Thermaltake Element G Mid Tower Computer Case
A Closer Look
Digging into the case, it become immediately apparent that cable management has been on the front of the case designer’s mind when the layout was conceived. This case has more places to hide cable than a … well… *ahem*… you get the idea. If you are a cable wrangler, and you like to tweak your cabling, this case is *right* up your alley! With the matte black chassis, and many mid to high end PSU’s sleeving their cabling in black, it becomes VERY easy to “hide what you want hidden” in this case.
Thicker cabling like the main motherboard power header as well as any PCI-e graphics power headers, those can be fed through 1 of 3 oval holes that lead to a more open area (pictured above). The area shown above, all of the cables are held in place by snap clamps that are installed into the case, making for a much more organized vertical run. you can bring cables back into this area, and then up the run as far as you need them, then poke them back out into the main motherboard area through one of the other holes. In my installation instance, the cables that I ran through this area consisted of the front panel USB headers, the console group (reset/PWR/LED’s)2 sets (4 total) of the PCI-e graphics power header lines ATX motherboard header, regular hard drive power molex, and a flat IDE ribbon cable. You can see how good it looks in the main compartment and how unimpeded the airflow will be for the unit. WHen you are packing in performance components, this lack of air flow clutter is a huge bonus! If you are water cooling, but not water cooling *everything*, you still need airflow for the cooling of the power regulators as well as any passive heatsinks installed on the motherboard. Airflow is king, and this case is engineered to deliver.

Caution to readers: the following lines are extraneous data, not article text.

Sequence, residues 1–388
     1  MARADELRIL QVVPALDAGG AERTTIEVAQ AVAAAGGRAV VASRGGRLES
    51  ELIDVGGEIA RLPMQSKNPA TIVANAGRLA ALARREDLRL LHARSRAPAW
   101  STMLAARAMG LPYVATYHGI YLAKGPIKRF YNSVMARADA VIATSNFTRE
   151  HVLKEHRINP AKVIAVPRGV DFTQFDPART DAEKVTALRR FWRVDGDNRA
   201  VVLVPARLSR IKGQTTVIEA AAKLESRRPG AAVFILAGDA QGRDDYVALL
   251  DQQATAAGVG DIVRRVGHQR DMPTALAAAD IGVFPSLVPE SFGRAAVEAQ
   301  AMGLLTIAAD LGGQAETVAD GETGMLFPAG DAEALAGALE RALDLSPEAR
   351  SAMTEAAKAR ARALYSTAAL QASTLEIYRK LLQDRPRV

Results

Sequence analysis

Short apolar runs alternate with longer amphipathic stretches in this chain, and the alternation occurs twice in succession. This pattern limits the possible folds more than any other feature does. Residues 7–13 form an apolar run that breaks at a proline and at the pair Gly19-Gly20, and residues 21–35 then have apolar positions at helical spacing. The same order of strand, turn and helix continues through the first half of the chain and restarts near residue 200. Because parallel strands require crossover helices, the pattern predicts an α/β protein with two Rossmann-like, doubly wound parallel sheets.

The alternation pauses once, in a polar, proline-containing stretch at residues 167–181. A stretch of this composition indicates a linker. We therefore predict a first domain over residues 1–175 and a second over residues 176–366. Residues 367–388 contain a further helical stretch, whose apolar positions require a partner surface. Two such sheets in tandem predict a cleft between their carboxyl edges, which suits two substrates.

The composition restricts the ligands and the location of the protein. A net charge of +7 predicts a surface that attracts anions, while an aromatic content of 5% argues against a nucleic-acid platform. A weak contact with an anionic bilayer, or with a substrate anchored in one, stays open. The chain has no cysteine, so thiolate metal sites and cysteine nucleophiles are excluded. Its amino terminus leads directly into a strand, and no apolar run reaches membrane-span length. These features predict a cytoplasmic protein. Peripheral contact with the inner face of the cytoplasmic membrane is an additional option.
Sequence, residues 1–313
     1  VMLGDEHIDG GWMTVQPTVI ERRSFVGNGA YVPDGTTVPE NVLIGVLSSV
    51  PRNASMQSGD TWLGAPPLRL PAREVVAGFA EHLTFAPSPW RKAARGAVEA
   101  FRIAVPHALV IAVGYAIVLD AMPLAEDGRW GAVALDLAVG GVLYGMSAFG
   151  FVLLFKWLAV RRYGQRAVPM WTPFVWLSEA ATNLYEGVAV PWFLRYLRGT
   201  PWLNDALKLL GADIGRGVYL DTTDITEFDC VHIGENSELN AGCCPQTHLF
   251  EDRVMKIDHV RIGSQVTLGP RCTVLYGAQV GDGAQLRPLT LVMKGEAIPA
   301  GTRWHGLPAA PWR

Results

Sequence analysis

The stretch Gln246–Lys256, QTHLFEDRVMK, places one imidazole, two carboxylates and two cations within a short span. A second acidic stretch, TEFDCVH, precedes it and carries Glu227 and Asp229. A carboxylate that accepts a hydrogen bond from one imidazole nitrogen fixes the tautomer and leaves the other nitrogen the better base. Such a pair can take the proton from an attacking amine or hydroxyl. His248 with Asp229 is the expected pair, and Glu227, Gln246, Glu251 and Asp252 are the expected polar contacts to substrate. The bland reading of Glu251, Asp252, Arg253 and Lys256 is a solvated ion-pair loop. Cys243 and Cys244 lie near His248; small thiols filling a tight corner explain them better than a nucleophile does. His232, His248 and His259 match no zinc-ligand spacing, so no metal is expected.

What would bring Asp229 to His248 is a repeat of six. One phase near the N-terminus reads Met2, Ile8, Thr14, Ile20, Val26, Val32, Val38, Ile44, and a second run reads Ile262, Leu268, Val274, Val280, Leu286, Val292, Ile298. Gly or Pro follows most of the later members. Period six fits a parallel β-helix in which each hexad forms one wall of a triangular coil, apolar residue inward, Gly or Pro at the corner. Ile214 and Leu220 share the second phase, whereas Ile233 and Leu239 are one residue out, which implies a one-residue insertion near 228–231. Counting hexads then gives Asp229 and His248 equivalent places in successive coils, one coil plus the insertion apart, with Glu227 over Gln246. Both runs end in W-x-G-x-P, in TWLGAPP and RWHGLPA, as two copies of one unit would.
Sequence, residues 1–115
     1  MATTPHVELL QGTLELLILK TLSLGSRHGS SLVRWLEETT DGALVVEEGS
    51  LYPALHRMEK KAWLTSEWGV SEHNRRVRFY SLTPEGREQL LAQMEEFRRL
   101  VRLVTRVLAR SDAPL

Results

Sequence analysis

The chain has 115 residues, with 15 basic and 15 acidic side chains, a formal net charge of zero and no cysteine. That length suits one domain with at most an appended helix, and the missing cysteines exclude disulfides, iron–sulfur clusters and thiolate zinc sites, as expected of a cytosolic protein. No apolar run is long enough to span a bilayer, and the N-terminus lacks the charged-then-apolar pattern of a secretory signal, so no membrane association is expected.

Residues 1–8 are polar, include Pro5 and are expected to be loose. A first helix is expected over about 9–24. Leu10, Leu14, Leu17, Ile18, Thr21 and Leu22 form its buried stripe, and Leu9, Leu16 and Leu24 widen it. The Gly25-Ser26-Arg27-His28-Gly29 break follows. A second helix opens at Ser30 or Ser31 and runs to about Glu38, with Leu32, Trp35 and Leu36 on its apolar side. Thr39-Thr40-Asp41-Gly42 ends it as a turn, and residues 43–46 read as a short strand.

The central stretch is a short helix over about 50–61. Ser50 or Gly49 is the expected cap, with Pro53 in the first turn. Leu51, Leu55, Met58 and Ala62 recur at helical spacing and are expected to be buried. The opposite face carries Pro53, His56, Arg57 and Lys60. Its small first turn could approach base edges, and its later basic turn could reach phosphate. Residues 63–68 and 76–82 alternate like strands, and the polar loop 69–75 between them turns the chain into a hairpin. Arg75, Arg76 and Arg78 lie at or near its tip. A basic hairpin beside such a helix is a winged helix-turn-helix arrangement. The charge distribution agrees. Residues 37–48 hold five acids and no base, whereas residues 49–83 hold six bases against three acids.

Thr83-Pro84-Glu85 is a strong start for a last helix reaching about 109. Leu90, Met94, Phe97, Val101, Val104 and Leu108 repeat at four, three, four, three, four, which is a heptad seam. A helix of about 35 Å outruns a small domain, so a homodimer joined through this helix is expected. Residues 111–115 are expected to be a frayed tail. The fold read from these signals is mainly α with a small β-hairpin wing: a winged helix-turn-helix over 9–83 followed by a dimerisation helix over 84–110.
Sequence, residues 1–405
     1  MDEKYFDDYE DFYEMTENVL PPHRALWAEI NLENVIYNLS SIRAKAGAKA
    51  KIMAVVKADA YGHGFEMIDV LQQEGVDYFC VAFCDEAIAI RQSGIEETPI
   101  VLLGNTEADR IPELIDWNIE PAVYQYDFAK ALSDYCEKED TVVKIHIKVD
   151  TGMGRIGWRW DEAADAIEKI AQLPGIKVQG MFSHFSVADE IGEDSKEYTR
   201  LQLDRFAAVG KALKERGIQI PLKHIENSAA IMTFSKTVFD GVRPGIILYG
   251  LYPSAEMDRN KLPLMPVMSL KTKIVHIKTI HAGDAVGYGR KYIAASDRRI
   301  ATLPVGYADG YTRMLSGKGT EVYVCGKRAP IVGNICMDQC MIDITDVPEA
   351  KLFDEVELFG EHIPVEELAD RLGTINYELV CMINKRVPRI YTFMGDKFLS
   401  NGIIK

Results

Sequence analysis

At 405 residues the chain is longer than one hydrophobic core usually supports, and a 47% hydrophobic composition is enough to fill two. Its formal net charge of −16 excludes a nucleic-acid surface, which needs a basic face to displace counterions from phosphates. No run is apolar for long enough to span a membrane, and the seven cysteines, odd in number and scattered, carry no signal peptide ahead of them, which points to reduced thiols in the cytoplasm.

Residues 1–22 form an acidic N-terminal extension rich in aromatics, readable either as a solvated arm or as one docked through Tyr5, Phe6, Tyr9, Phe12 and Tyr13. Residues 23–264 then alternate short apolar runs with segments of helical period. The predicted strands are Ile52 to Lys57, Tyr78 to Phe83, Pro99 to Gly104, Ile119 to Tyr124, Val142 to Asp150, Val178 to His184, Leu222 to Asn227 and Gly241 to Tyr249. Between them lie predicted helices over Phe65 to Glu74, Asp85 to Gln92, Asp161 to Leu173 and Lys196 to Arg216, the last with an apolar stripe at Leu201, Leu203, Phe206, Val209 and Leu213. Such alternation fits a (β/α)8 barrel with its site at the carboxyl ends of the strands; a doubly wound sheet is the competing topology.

The motherboard tray has cut outs for both cable management as well as possible CPU bracket access. The hole under the CPU area could also likely double as a passive heat radiation point under the CPU bracket. More air in the space behind the CPU should theoretically allow for an easier, passive radiation escape of heat to the back of the case, without the motherboard tray acting as an “insulator” or “incubator” that would be reflecting that heat back to the motherboard. All of that babble means that your CPU should stay cooler. There is also cable holes to direct the cabling from the PSU to the area behind the motherboard. There is a main hole at the base that is good for thinner cables to be routed to remote locations (like my square, 4 pin motherboard line that was routed behind and to a hole at the top corner of the motherboard tray),